woman in Jerusalem

Sustaining women's participation in peace efforts amidst escalating violence: The role of institutional support

Conflicts are not static; they change quickly and unexpectedly due to a combination of different factors interacting with one another. This understanding is crucial for anyone involved in conflict resolution or peacebuilding efforts because it shows the necessity to be responsive and adaptable to these ever-changing dynamics.

Since 2021, we have partnered with the Rapid Response Window of the United Nations Women's Peace and Humanitarian Fund (WPHF), which quickly mobilises critical financing for local organisations to advance further women's meaningful participation in formal peace processes and the implementation of peace agreements. In this partnership, GPPAC acts as an intermediary, supporting local civil society organisations that receive funding by offering technical guidance and support.

The question of flexibility was tested in October 2023 in the context of a project that was about to start in the Occupied Palestinian Territories (OPT) with the support of GPPAC. This project, spearheaded by a women-led consortium of three civil society organisations from East Jerusalem, West Bank, and Gaza, intended to advance women's rights, foster their active involvement in peace processes, and enhance their role in decision-making. More importantly, it was building on a former project led by the Palestinian Centre for Peace and Democracy that successfully empowered young women to participate in peace negotiations and reconciliation talks. 

However, in the wake of the October 7 attacks and the war on Gaza, this project was postponed due to security risks and the escalation of violence. While the need to pause and reassess the project in a suddenly volatile situation can make sense from a donor's perspective, the need for peacebuilding action becomes even more urgent. So, how to reconcile this seemingly contradictory imperative?

This was when the partnership between GPPAC and the WPHF's Rapid Response Window made a crucial difference. Following the onset of the conflict between Israel and Hamas, the needs of the consortium partners changed dramatically overnight. While the initial project could not go forward as planned, GPPAC and WPHF found a way to ensure that the immediate needs of the consortium members were met. The decision to shift from project funding to institutional support was made quickly, filling funding gaps created by other donors' decision to freeze funding suddenly. This allowed them to pursue their crucial work with local, community-based organisations, ensuring peacebuilding initiatives continued despite conflict. For instance, they switched to online platforms to stay connected and provide training, particularly on promoting gender equality and nonviolence and enhancing media literacy.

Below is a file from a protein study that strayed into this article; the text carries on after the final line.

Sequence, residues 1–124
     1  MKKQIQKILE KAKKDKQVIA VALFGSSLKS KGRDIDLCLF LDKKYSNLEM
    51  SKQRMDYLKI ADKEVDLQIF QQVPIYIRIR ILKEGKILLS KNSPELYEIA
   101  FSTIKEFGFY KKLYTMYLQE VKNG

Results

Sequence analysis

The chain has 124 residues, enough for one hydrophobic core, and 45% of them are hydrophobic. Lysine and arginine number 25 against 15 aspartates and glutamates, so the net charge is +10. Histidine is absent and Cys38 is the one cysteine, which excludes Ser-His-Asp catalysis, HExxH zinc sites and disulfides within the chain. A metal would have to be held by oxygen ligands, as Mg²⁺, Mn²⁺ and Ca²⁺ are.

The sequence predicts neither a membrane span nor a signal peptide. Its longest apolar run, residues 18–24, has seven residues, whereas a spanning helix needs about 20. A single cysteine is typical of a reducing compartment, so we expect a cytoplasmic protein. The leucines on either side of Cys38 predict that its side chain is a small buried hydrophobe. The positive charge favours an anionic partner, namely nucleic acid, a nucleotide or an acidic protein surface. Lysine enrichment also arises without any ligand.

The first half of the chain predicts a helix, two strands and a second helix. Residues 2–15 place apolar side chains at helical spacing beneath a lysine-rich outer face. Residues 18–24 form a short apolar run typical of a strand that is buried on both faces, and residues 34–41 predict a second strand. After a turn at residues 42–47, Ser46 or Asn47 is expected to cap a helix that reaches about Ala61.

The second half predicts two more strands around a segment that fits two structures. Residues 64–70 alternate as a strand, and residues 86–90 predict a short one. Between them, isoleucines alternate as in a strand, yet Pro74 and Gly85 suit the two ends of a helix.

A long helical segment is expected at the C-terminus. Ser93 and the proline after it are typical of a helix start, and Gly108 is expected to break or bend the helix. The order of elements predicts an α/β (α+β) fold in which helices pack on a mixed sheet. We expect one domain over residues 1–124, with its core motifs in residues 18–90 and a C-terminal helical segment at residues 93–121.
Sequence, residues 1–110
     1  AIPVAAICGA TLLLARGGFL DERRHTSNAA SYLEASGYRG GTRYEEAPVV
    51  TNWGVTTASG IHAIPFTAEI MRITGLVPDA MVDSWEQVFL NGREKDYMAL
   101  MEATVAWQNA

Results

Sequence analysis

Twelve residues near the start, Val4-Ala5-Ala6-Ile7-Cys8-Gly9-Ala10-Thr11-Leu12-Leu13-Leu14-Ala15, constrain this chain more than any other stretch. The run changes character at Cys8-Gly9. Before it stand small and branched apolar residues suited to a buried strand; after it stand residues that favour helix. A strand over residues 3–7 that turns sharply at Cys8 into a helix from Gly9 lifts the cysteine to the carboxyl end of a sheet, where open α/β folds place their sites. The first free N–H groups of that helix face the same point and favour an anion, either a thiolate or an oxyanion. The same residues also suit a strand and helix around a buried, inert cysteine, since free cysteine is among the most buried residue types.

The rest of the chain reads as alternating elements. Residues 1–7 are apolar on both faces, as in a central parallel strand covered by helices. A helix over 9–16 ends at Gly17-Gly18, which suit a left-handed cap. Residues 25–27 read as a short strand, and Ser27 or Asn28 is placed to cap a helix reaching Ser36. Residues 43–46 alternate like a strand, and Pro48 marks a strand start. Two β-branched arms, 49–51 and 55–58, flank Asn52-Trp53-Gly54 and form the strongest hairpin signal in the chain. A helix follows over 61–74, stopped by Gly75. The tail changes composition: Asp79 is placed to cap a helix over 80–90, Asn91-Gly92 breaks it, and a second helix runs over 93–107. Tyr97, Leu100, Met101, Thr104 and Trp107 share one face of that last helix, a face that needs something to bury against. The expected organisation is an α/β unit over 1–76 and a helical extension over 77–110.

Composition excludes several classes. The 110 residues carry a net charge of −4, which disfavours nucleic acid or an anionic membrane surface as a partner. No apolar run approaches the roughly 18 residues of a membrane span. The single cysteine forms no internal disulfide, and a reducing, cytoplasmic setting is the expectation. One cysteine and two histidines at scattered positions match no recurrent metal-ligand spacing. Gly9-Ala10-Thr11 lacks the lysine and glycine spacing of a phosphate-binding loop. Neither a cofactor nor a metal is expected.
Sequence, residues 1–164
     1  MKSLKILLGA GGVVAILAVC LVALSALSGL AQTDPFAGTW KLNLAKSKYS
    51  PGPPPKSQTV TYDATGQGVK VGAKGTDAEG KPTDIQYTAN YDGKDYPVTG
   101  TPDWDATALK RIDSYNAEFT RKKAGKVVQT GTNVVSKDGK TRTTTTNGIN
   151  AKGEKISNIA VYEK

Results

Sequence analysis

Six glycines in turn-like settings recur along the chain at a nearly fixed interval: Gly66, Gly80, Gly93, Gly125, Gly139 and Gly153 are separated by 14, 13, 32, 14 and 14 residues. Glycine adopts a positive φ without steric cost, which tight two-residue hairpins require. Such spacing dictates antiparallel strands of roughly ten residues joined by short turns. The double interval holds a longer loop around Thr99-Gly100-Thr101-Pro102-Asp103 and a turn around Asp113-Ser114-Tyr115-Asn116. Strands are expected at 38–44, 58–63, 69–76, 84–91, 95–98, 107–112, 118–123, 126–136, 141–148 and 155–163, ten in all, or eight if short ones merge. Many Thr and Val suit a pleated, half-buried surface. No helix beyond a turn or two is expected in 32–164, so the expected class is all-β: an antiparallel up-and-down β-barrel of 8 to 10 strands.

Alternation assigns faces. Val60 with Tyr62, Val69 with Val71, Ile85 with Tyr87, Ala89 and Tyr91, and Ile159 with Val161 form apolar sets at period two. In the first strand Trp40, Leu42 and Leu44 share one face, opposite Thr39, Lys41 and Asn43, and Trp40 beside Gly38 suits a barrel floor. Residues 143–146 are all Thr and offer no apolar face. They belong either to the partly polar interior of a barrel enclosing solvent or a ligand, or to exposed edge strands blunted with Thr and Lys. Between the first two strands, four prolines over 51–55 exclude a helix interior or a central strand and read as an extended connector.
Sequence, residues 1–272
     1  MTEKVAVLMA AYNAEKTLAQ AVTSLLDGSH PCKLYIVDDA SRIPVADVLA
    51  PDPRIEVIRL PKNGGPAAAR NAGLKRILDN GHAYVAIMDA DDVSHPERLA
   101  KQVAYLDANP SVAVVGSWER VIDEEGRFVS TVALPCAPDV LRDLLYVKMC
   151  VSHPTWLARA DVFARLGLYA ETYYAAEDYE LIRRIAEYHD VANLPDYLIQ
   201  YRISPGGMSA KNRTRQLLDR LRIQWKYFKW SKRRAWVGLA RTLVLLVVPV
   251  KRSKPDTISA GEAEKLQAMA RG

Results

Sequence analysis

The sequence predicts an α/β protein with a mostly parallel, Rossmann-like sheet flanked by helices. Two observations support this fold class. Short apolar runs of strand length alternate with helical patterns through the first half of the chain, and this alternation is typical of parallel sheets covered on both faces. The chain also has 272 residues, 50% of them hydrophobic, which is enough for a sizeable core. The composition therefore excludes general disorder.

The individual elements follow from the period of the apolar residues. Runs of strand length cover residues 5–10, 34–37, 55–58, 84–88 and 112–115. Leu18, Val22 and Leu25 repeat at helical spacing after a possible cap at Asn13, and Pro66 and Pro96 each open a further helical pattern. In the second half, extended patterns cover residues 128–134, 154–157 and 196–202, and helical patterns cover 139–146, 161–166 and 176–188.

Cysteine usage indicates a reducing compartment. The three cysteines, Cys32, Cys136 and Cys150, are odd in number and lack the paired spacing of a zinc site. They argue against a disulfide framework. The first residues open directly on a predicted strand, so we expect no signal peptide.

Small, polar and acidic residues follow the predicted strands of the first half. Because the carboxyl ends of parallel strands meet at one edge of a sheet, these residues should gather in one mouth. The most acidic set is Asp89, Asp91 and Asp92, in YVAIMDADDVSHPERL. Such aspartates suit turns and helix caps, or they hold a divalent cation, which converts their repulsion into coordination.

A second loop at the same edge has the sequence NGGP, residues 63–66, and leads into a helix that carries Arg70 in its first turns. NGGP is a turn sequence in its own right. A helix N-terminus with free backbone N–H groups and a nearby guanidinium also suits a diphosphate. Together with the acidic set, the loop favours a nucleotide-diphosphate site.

"Following the eruption of violence in the OPT, the United Nations Women's Peace and Humanitarian Fund (WPHF) took actions to contribute to the safety of all partners through the reallocation of programmatic grants to institutional support in the face of the rapidly evolving crisis. This contributed to CSOs' to maintain their staff and operational capacity enabling them to resume their actions when feasible. Similar measures were implemented during the Covid-19 pandemic to support local women's rights organisations to sustain their critical operations and adapt to the evolving challenges on the front lines." - WPHF

From this experience, three significant lessons emerged: 

  1. Firstly, the role of GPPAC as an intermediary was vital, making the case for smaller organisations as they often lack the bandwidth to prioritise engaging with donors when a crisis hits with force. This builds on GPPAC's continuous endeavours to rethink how we understand programming and partnership, emphasising relationship building. These efforts ensure effective peacebuilding initiatives are preserved amidst adversity.

"GPPAC's quick and imaginative reframing of the WPHF Rapid Response Window project funding to institutional support has not only helped MEND to keep going in this time of horror and crisis across the OPT. It is actually enabling us to work with the vision of a better future and to reinvigorate our work on active nonviolence and participatory democracy throughout the West Bank and East Jerusalem." - Consortium partner MEND

  1. Secondly, the WPHF truly showcased flexibility and adaptability, standing out among other donors as it actively listened to the needs of people on the ground.

"The institutional support was also a result of the longstanding and trusted partnership between WPHF and GPPAC via the Rapid Response Window for three years. GPPAC's expertise and pivotal role in collecting vital information from CSO partners underscored the need for swift action, an illustration of a strong and equal partnership between the United Nations and Civil Society." - WPHF

  1. Lastly, as a GPPAC member reminded us in 2020 when Russia's war against Ukraine broke out, "Even though missiles fire on our cities every day and people flee, opportunities to build peace still exist". Peacebuilding should take place before, during, and after war.

Ultimately, the experience in Occupied Palestine highlights the importance of institutional funding in sustaining peacebuilding efforts in the face of an unprecedented humanitarian crisis. As crises evolve, the ability to adapt becomes essential, ensuring that the pursuit of peace perseveres despite adversity.


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